Jordon Cousino, Chief Commercial Officer, at Ocean Aero, adds that, while there’s a payload eco-system for uncrewed surface vessels (USVs), driven largely around Wave Gliders, and a payload eco-system created around AUVs, these eco-systems rarely break that water line in either direction. “So we’ve had to underwater marinize the USV payloads and the reverse on the AUV payloads. It’s a very complex eco-system that we live in. It’s literally a sailboat that’s a submarine and the complexities that come with that are challenging.” “The ability to push the envelope with battery technology, solar panel technology, and power management is also something we’ve also had to get good at pretty quickly,” adds Decker.
They’ve also learned to simplify as much as they can. “We utilise a dual-element wing on the sail that had probably 20 feet of cable that wrapped around numerous pulley systems and when you start putting these out for long endurance missions, we would start to see these smaller stainless steel cables either bust or break at certain points,” explains Cousino. “So we focused on creating a ruggedized vehicle for long-endurance missions, where we went to a single element wing that has 77 fewer parts and tried to simplify the engineering as much as possible to allow for persistent operations without failure points.”

Triton out in the wild

“One of the things we’re proud of is user friendliness, the ability to launch and recover,” adds Blystone. “We’ve put a lot of focus on making it easy to launch and recover using just one to two people in a matter of minutes. It has a single pick point that allows you to lift it and place it in the water easily if you’re using a davit lift system off another vessel or shore side. Because it’s a submarine and there’s oil in the boat to naturally balance it, when you go to pick it up it naturally balances itself. It’s little things that make the process easier. But you literally can also go push this in from a shore side.”

The result of this work is a platform that’s now in the hands of the Department of Homeland Security and the University of Washington, as well as the US Navy, another US agency, and a number of other organisations. “There are three big markets we’re focused on, the defence community, the scientific community, and the offshore energy community, predominantly offshore oil and gas but also offshore wind. We’re active in those three markets,” says Blystone. “We have active deployments or programmes in all of those three markets, with customers either owning systems or paying us to operate them with applications varying from monitoring marine life to asset inspection,” he says.

A large current focus is on sensor and payload integration, working with other organisations. “What you do with the boat is really the most important thing. We’ve been really focusing our engineering efforts on making sure we have fantastic payload integrations, fantastic sensor integrations and partnerships as we move forward. Ultimately whatever payload and sensor packages the customer wants should be able to be incorporated into the Triton.” says Blystone.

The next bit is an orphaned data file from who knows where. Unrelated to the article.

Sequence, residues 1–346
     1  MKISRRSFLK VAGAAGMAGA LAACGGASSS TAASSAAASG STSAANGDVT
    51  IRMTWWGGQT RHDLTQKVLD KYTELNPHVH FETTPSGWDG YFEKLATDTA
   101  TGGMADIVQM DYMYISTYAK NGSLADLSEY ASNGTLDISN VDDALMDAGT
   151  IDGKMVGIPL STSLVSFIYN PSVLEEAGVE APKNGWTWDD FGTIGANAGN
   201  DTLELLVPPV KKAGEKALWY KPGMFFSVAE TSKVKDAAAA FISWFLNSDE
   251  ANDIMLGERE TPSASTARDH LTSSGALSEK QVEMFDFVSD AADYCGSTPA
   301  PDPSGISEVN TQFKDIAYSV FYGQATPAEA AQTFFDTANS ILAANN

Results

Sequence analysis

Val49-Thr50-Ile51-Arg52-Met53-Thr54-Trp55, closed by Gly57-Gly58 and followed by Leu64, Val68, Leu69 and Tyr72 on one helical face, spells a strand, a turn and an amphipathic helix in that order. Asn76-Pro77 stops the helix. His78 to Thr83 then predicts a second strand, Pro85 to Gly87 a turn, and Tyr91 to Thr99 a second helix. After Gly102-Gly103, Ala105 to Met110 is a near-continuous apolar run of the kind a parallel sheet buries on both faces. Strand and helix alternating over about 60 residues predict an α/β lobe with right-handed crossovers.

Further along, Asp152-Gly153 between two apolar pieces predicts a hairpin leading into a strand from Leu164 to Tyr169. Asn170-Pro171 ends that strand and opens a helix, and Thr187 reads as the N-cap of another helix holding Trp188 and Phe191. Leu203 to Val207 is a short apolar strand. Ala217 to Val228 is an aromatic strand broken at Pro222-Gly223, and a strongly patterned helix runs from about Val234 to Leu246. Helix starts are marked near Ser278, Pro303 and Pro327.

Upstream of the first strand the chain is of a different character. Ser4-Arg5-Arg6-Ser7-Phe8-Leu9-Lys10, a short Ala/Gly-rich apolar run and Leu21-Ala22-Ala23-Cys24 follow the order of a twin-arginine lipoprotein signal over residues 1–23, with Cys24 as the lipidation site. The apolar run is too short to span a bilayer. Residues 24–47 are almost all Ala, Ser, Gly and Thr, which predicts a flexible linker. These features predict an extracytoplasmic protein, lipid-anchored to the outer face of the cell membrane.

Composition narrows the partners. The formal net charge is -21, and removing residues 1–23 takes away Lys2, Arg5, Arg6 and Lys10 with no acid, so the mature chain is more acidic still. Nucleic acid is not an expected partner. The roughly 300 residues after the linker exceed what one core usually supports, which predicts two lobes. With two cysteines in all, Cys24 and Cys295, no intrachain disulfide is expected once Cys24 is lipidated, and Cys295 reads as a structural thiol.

Set for growth

There’s more the company wants to do, however. “Today, we can use many of our Tritons together on a mission,” says Blystone. “In the future we’ll continue developing more advanced AI/ML algorithms in support of true swarming and cross-platform coordination.”

All this is being done under quite a new staff and management team at Ocean Aero, most of whom have come in over the last 16–20 months to take the company forward as a commercial enterprise. A big part of that was a series C fund raise last year, which netted the company $14 million. To underpin its growth, the company has also moved from San Diego to the Port of Gulfport, Mississippi, where it will again move into a 63,000 sq ft facility by the end of this year. It’s also staffing up. Decker says they had 17 staff in early summer last year and are looking to have increased that to 60 full time staff by the end of March. It has also built up an advisory board which includes a number of two- to four-star admirals and an impressive roster of technical specialists who’re active in the advocacy of the group, adds Decker.

As Ocean Aero moves into a new commercial gear, some of its original founders are back doing what they do; working on new ideas. Co-founders Vance McClure and Mark Ott, who was CTO until 2016, have moved on, with Ott now a founding partner at SubSeaSail, along with partner Chris Todter, who was also at Ocean Aero. Another former member of the Ocean Aero crew is Ken Childress, who is now at AUV and data firm Terradepth.

Originally published at on March 3, 2022.



Energy Innovation Capital invests in companies developing the next generation of technology to ensure abundant, clean, and accessible energy.